At a glance…
Indoor air is two to 10 times more polluted than the air outside. It is imperative that long-term care facilities measure internal air quality to ensure residents' health and wellness.
It is often thought that indoor environments are among the healthiest and safest places for people to be-particularly for aging adults, who can have unique health needs and environmental sensitivities.
Unfortunately, indoor air is two to 10 times more polluted than the air outside, according to the U.S. Environmental Protection Agency (EPA), and up to 1,000 times more polluted following new construction or renovation. Even worse, indoor air pollution is known to cause or aggravate myriad health problems, including asthma, upper respiratory complications, eye irritation, cognitive impairment, nausea, nosebleeds, and even cancer. For residents of continuing care retirement communities (CCRCs), assisted living facilities, and nursing homes, indoor air pollution is especially concerning.
“Aging adults, particularly the elderly, can have weakened immune systems and age-related health problems, which make them more vulnerable to health complications associated with indoor air pollution,” says Gail Vittori, co-director of the Center for Maximum Potential Building Systems (www.cmpbs.org) and co-coordinator of the Green Guide for Health Care (www.gghc.org), a best practices guide for healthy, sustainable hospitals. “That makes enhanced indoor air quality a critical contributor to their health and wellness at long-term living facilities.”
Experts agree that the most effective way to combat indoor air pollution is through source control.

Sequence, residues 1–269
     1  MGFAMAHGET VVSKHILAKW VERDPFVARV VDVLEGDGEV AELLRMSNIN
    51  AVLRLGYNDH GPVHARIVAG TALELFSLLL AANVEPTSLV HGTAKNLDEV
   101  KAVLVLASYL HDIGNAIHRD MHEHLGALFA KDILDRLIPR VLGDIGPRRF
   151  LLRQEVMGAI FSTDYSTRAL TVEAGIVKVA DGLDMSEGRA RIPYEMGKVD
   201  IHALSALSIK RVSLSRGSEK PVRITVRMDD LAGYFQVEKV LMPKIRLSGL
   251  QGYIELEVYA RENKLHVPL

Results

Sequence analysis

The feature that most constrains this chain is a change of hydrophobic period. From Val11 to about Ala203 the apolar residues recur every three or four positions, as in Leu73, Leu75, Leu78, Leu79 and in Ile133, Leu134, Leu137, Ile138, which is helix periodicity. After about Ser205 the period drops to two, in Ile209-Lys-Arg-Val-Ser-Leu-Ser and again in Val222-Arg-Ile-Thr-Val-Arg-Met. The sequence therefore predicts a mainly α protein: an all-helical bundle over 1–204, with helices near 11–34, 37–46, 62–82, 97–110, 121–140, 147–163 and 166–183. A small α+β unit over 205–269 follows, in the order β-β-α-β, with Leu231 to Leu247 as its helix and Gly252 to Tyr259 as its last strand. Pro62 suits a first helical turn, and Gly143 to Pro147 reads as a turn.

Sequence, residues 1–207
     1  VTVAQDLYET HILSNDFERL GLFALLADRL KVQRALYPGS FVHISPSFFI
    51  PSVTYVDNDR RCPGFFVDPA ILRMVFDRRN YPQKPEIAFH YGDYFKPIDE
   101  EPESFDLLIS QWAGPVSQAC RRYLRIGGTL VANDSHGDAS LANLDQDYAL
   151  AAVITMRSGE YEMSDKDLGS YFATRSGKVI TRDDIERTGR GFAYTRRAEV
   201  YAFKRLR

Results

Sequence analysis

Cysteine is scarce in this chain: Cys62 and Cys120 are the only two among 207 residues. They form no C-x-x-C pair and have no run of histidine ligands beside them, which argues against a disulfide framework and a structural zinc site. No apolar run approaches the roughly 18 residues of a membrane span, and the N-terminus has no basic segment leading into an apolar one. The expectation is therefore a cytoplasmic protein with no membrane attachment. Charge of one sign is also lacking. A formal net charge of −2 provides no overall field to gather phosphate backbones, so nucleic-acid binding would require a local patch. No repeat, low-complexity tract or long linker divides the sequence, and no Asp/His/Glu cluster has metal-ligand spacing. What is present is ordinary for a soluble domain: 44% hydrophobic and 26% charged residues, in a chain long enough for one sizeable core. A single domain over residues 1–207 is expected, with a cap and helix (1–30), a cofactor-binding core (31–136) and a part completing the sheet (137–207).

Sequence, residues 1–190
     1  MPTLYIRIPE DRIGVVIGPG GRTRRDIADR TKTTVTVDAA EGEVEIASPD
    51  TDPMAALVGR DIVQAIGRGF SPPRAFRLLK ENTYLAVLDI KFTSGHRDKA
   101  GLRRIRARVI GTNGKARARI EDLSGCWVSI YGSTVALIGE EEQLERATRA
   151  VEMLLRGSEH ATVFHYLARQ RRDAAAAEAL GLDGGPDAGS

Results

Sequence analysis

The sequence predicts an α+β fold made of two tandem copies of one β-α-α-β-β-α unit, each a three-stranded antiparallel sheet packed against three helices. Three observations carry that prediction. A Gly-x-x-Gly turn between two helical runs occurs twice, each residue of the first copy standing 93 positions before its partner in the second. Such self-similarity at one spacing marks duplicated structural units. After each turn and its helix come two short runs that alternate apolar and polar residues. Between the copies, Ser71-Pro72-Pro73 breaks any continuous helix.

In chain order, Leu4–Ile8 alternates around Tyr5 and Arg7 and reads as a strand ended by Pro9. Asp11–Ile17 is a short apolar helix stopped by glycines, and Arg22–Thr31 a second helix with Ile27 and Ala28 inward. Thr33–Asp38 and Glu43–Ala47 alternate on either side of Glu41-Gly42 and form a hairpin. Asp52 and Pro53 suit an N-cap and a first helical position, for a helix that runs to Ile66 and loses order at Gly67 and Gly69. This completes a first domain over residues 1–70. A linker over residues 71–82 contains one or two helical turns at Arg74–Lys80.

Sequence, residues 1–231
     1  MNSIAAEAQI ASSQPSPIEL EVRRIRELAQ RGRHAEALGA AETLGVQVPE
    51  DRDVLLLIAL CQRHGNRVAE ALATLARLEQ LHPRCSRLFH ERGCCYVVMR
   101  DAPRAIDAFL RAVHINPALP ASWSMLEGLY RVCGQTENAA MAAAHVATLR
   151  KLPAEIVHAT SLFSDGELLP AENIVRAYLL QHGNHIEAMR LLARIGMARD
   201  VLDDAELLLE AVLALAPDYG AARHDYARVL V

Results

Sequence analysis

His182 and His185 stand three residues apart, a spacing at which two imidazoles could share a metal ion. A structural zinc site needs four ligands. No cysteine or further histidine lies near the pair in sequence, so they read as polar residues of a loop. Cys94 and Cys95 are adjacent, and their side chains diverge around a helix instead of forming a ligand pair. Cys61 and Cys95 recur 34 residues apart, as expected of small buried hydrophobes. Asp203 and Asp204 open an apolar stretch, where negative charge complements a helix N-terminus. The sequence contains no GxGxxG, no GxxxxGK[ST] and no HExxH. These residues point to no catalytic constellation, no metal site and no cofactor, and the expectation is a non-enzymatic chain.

What is IAQ?
Indoor air quality (IAQ) refers to the healthfulness of the air that people breathe inside their homes, offices, and other buildings. Studies consistently show that good IAQ helps improve cognition, boosts productivity, and contributes to better overall health. Conversely, polluted indoor air can trigger or exacerbate a variety of symptoms and/or illnesses-some of which can be life-threatening.
Poor IAQ is caused by air pollutants such as volatile organic compounds (VOCs), which are chemicals that emit from common products and materials. Mattresses, furniture, cabinetry, ceiling tiles, wallcoverings, cleaning products, deodorizers, and nearly all furnishings and maintenance products release VOCs into the air. Some VOCs are malodorous (such as those that emit from paints, adhesives, and vinyl products); some smell pleasant (such as air fresheners and laundry detergents); and others are odor-free. Many VOCs are toxic, especially in large concentrations.
“Products that off-gas can emit hundreds of VOCs into the air at the same time, creating an airborne ‘cocktail’ of potent chemicals,” says Dr. Marilyn Black, a global expert on indoor air pollution and founder of the GREENGUARD Environmental Institute (GEI), a third-party, industry-independent certifier of low-emitting products and materials. “Mix in mold spores and animal allergens, respirable particles, heavy metals, carbon monoxide, and ozone-all of which are frighteningly common in buildings-and you've got a potentially lethal combination of pollutants in your midst,” she warns.
Poor IAQ and aging adults
The risk of health complications resulting from poor IAQ is even greater among older adults than among young or middle-aged adults. “As people age, they often spend more time indoors and are challenged by weakened immune systems and vital organ function,” Vittori says.